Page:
“I can’t say anything about whether I was or wasn’t dealing …[but] you could draw your own conclusions based on the amount I was arrested with,” Blakinger said.
Blakinger was arrested with six ounces of heroin — certainly enough to get her entire Cornell English seminar high, and maybe enough to get the entire English department high, she writes in her book. As terrifying as the arrest was at the time, she now credits it with helping her turn her life around. Initial police reports indicated that Blakinger was in possession of $150,000 worth of heroin, though that number was later revised down.
“I think if anyone had attempted to interfere, I wouldn’t have been willing to listen,” Blakinger said, adding that she went to great lengths to prevent Cornell professors and administrators from finding out about her drug use. “I needed a catalytic occurrence to make me decide to get sober. It could’ve been anything tragic or earth-shattering.”
“Gangster Ass Bitch”
Soon after her arrest, Blakinger was making national headlines. Gawker, The Huffington Post, the New York Daily News — all covered the story of the Cornell student and former figure skater arrested with thousands of dollars worth of heroin.
Blakinger did not know the extent of her media celebrity until after her release. But there were hints.
Blakinger was in several different jails throughout her 21 month sentence, including one, she said, in which the male inmates could see the female inmates. It was while she was there that Maxim Magazine published its profile of Blakinger.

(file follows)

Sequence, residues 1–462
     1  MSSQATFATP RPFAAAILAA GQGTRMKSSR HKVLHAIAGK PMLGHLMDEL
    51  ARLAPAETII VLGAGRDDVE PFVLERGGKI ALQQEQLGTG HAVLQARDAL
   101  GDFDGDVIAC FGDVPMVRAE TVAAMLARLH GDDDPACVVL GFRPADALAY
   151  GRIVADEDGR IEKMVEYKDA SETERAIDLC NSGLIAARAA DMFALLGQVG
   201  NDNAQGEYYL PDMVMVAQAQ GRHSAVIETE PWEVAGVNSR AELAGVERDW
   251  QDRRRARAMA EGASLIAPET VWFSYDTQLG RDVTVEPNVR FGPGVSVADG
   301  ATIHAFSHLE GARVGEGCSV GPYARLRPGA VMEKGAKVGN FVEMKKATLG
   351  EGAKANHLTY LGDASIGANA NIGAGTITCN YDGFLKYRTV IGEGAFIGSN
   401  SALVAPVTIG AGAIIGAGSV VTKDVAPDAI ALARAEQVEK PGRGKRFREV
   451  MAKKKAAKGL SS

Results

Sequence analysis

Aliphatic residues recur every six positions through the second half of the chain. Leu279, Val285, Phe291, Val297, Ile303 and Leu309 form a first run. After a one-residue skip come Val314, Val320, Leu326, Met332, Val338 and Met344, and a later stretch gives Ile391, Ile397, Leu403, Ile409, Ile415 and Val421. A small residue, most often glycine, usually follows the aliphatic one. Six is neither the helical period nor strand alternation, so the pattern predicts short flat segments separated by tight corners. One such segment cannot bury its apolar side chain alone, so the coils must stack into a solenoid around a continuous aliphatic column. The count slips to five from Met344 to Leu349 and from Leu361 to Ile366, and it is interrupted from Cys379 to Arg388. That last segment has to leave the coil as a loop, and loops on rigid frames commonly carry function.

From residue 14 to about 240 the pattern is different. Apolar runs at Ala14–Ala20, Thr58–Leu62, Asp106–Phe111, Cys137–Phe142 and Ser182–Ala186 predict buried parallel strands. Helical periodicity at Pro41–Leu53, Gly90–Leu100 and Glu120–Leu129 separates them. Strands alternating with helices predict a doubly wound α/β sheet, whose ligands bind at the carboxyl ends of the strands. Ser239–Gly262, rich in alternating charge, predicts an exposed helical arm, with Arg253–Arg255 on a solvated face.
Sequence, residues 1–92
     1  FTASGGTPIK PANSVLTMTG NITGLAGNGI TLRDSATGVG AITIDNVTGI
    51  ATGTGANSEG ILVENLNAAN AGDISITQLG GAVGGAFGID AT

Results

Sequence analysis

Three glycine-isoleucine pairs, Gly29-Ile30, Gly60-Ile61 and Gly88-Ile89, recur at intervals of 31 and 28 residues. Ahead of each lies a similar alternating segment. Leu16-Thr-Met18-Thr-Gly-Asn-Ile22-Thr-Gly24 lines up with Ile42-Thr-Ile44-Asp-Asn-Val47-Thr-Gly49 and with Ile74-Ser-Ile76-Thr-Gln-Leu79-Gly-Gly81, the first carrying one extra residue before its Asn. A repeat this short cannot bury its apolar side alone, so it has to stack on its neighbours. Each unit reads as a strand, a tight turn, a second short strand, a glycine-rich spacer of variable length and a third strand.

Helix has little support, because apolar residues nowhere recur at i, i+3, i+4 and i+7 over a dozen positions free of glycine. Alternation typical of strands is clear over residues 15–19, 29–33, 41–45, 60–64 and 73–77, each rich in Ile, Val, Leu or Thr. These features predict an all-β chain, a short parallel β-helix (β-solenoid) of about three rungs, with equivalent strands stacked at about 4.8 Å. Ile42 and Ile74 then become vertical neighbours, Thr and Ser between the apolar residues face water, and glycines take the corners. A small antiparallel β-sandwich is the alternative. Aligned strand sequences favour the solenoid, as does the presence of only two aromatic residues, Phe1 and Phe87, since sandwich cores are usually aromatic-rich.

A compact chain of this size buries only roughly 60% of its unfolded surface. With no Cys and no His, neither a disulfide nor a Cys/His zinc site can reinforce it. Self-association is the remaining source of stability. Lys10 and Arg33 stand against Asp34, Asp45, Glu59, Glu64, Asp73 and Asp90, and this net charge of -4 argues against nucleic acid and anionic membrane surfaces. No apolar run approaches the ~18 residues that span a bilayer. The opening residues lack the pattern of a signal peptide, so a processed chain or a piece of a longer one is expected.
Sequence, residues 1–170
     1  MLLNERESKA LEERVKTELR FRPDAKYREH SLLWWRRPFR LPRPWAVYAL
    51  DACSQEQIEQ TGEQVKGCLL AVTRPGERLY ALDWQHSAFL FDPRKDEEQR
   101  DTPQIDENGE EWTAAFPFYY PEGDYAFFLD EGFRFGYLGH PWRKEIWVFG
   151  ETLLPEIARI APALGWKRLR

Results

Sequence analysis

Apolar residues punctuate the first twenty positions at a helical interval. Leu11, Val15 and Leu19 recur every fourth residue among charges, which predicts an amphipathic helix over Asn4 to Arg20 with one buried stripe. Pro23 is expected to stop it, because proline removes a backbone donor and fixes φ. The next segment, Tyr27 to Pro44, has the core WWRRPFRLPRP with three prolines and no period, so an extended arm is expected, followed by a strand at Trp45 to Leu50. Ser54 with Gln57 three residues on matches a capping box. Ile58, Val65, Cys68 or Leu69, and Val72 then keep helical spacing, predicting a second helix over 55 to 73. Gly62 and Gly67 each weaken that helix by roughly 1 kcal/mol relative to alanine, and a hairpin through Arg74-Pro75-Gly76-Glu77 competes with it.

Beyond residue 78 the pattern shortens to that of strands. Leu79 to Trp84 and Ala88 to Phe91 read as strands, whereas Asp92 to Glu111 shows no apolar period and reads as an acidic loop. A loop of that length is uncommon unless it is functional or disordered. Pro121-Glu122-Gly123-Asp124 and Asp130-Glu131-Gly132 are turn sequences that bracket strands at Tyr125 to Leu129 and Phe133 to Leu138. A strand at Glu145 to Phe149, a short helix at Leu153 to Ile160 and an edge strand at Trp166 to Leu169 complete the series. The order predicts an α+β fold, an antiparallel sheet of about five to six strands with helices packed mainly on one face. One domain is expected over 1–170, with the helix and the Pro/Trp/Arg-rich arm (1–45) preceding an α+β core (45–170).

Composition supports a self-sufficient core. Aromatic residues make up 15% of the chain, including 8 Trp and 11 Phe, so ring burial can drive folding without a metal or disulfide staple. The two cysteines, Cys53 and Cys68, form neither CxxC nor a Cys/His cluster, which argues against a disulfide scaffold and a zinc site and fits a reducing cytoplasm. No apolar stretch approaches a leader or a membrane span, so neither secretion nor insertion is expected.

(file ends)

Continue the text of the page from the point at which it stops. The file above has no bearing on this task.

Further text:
“They were pointing at the article and pointing at me, and I said, ‘I don’t know what they’re pointing at, but this is really embarrassing,’” she said. “One of the [correction officers] brought over the article and I thought, ‘This is mortifying.’”
Blakinger also said the extent of the media coverage was made clear to her as she received “really vicious hate mail” from strangers.
“I got one letter telling me I was a ‘gangster ass bitch’ and offering to let me sell drugs for him when I got out,” Blakinger said.
She never took up the offer, but going through detox, she said, was anything but easy.
“My first week in jail was a blur … I’m told I was behaving rather strangely in my near-blackout delirium, pushing spoons around the floor with my foot, banging my head against the wall, refusing to brush my hair and sleeping – almost 24 hours a day – in strange contortionist positions,” she writes in her book
Her time in prison overall, she said, almost defies description, marking as it did yet another shock to her psyche after years of drug abuse.
One jail she was transferred to forced its inmates to spend three days in solitary confinement upon arriving — one of the worst experiences of Blakinger’s life, she said.
“It drives you crazy,” she said.
Blakinger’s book describes constant turmoil in the prison.
“In prison at one point I was bunked next to a girl who punched someone for ‘invading her dreams.’ At that point I discovered that sleeping with one eye open is not quite as easy as it sounds,” she said.
That she is now able to process, write about and, hopefully, move past her time in prison, she says, is a testament to both her Cornell education and the love and care of her family.
“I was fortunate because I had a desire to stay clean, opportunities and a supportive family — most inmates don’t have any of those things,” she said. “Now, as I’m looking back on that same subject matter, I’m letting myself actually feel things about it.”
Original Author: Jeff Stein